The name "Marduk", as in the deity, was originally written 𒀭𒀫𒌓. This spells out something like amar utu, with the first sign being silent (
[D] for short—basically meaning "what follows is a divine name", for disambiguation). All together, it means something like "solar calf", in Sumerian.
When the Akkadians and others borrowed the writing system, though, they didn't always use it phonetically. When they wanted to write about Marduk, they used these same signs for Marduk—even though the Akkadians pronounced their deity's name Marduk, and the signs phonetically spell out Amar Utu.
This is called a Sumerogram, and in Latin transcriptions, it's written with capital letters to show that those letters have no relationship to the actual pronunciation. When an Akkadian-speaker writes 𒀭𒀫𒌓, we transcribe it as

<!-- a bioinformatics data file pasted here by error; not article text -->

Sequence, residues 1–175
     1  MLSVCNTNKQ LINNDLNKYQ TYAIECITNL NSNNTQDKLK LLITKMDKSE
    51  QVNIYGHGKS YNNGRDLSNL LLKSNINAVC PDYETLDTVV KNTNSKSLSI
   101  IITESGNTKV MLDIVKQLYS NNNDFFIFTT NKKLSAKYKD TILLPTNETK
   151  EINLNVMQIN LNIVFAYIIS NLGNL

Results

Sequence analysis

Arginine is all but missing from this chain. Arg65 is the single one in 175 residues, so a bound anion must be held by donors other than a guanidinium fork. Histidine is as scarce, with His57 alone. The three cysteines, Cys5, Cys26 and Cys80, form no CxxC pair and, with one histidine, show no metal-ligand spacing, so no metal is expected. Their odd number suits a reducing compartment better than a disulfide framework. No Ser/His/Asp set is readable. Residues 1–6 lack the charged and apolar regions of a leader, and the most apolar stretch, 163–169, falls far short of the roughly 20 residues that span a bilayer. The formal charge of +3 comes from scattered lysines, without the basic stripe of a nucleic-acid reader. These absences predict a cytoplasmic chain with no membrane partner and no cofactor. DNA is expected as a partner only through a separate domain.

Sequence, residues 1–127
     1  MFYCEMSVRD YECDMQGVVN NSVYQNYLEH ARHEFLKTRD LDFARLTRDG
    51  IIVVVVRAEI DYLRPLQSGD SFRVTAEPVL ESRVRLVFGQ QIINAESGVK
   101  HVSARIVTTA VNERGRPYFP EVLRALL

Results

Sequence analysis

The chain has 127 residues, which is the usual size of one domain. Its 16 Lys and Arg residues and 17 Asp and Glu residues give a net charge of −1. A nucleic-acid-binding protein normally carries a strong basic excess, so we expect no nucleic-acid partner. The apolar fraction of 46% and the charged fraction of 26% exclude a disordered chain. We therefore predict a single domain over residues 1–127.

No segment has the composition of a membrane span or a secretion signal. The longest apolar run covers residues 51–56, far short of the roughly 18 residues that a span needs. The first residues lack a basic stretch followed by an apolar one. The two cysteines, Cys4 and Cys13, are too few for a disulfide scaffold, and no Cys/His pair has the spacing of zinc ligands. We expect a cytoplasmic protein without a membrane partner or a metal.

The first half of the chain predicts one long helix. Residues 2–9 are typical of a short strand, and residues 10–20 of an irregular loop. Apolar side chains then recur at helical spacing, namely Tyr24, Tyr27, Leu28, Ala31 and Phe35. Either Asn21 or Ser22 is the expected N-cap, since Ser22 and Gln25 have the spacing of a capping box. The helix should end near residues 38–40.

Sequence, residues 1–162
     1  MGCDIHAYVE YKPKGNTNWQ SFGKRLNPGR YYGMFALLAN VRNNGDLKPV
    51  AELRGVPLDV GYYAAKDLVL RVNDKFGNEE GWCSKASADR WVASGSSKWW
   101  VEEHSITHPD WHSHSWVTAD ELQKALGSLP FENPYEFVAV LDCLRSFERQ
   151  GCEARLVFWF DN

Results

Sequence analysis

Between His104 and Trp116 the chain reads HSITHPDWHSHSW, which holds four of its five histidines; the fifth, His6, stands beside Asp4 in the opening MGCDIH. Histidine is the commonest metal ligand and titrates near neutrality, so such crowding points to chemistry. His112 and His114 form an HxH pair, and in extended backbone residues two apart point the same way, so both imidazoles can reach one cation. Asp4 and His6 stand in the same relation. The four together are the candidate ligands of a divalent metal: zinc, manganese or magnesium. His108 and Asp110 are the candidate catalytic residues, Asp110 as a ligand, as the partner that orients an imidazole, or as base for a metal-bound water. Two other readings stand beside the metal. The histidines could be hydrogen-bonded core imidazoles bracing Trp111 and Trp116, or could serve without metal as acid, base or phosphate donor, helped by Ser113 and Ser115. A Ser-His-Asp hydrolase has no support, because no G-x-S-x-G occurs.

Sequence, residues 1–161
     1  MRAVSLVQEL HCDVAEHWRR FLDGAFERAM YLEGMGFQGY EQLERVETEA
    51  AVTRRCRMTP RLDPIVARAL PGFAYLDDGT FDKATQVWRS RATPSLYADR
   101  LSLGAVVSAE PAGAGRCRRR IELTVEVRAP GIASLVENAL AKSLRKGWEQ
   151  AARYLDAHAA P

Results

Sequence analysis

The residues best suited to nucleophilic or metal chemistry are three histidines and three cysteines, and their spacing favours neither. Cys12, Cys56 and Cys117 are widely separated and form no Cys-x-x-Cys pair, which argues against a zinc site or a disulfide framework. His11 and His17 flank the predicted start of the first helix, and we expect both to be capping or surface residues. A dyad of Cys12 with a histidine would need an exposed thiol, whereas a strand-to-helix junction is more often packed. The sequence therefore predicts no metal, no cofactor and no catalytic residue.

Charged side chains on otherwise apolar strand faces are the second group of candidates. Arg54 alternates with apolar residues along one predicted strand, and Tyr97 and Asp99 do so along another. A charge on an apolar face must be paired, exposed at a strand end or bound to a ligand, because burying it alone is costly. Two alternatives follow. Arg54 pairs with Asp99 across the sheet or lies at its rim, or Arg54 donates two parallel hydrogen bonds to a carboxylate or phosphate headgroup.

[D]AMAR.UTU, and it phonetically spells out amar utu, but the actual intended pronunciation was more like marduk.
So the capitalization in the British Museum's transcription is important: Marduk-nadin-ahhe's name, as written on the blade, is
[D]AMAR.UTU-SUM-ŠEŠ.MEŠ. In other words, there are three different Sumerograms, which represent Sumerian words pronounced amar utu, sum, and šeš meš.
But the name, as actually spoken, used translations of those three words: Marduk, nādin, aḫḫē. That is, his name was pronounced something like Marduk-nādin-aḫḫē by his subjects, despite the spelling—amar utu sum šeš meš is just what you get when you read the characters as if they were Sumerian.
(His name is also sometimes written as
[M][D]AMAR.UTU-na-din-MU, using a mixture of Sumerograms and actual phonetic characters. Here, the characters in the middle actually represent the pronunciations na and din, not any meaning in Sumerian.)